MUNICH, Germany, Sept 5 (Reuters) – Germany plans a massive push to expand its network of electric vehicle (EV) charging stations, Chancellor Olaf Scholz announced at Munich’s IAA mobility show on Tuesday.
Scholz said that the coming weeks will see Germany become “the first country in Europe to introduce a law requiring operators of 80% of all service stations to provide fast-charging options with at least 150 kilowatts for e-cars”.
The expansion will make range anxiety a thing of the past for EV drivers, he added.
Sporting an eye patch after a jogging accident at the weekend, Scholz did not give a time frame for the initiative.
Europe’s biggest economy has only 90,000 public charging points at present but aims to have 1 million by 2030 in an effort to boost EV take-up as it targets carbon neutrality by 2045.
Germany had about 1.2 million fully electric vehicles on its roads by the end of April, a long way short of the 15 million it is targeting by 2030, data from the KBA federal motor authority shows.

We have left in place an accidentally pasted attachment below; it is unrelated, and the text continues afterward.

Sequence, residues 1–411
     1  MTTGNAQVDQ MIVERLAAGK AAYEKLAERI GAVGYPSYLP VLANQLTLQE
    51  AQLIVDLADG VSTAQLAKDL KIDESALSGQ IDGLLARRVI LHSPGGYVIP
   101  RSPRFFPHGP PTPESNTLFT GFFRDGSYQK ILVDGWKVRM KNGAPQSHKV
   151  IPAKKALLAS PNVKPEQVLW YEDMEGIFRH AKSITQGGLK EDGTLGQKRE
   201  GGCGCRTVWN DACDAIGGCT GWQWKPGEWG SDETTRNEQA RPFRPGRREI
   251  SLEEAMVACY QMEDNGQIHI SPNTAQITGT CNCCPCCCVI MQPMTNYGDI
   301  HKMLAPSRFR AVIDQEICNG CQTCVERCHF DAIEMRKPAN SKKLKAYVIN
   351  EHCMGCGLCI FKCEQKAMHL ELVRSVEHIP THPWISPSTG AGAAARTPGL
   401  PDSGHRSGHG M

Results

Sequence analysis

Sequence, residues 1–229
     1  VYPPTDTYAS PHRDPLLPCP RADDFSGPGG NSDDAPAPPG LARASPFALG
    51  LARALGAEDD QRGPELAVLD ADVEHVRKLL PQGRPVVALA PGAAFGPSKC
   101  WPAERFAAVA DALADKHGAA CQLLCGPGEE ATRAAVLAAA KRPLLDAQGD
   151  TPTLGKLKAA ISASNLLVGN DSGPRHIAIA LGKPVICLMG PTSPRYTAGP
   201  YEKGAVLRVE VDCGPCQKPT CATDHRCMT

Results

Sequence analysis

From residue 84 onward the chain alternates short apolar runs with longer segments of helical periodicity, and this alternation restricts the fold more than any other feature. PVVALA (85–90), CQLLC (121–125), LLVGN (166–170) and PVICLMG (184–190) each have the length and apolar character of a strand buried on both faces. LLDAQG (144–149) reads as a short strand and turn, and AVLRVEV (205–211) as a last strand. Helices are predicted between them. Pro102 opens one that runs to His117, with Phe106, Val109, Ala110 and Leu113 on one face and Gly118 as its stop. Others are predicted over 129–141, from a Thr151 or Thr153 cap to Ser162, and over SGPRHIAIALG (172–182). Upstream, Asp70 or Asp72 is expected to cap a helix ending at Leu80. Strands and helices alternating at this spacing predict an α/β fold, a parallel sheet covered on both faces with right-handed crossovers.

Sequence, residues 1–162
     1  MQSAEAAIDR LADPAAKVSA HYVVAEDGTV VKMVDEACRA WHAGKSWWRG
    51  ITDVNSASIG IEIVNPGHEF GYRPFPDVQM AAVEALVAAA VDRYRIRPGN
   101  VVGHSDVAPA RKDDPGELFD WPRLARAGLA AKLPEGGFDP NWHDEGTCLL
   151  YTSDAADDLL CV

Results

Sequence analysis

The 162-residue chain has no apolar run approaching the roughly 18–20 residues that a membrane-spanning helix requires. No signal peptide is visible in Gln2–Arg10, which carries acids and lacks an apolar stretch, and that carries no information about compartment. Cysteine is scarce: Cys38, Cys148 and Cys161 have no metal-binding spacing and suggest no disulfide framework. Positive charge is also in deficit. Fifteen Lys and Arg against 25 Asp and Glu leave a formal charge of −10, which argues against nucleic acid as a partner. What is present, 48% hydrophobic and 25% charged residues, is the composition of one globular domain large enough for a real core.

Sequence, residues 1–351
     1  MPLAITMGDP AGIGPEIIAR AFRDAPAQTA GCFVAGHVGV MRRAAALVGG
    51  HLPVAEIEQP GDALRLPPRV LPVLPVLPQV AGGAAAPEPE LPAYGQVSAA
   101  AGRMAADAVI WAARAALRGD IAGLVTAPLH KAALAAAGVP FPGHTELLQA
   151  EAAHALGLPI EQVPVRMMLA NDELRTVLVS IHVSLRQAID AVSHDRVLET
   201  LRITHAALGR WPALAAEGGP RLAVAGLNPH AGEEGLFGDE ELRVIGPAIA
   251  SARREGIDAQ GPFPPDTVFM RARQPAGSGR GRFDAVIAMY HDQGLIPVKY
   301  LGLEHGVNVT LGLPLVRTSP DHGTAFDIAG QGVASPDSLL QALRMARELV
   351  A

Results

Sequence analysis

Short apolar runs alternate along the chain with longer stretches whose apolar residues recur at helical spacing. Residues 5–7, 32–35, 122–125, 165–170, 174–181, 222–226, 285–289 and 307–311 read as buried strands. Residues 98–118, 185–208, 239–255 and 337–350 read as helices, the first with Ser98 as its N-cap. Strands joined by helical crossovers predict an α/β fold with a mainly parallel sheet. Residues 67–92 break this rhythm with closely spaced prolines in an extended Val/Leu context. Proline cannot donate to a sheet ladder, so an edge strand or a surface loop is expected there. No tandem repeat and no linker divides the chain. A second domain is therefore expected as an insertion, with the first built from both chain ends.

High prices, limited range and a lack of charging stations, especially in rural areas, have been cited as the main reasons for the lag in EV sales.
As Scholz toured the show, Greenpeace activists surrounded vehicles on display with two standing on top of them holding signs saying “the party is over”.
On competition from China in EV production, Scholz said: “Competition should spur us on, not scare us.
“In the 1980s, it was said Japanese cars would overrun the market. Twenty years later it was cars ‘made in Korea’ and now supposedly Chinese electric cars,” he said, playing down such fears and maintaining that the competitiveness of German carmakers is “beyond doubt”.
Chinese EV makers including BYD, Nio, Xpeng (9868.HK) and Leapmotor (9863.HK) are all targeting the European market, where EV sales soared by nearly 55% to about 820,000 vehicles in the first seven months of 2023 to account for about 13% of all car sales.
While Western carmakers fret over intense competition from Chinese rivals, major German auto suppliers told Reuters at the mobility show that they were eager to expand existing partnerships in China and provide those rising manufacturers with European-made parts.
Reporting by Victoria Waldersee and Andreas Rinke
Writing by Friederike Heine and Sarah Marsh
Editing by Miranda Murray and David Goodman
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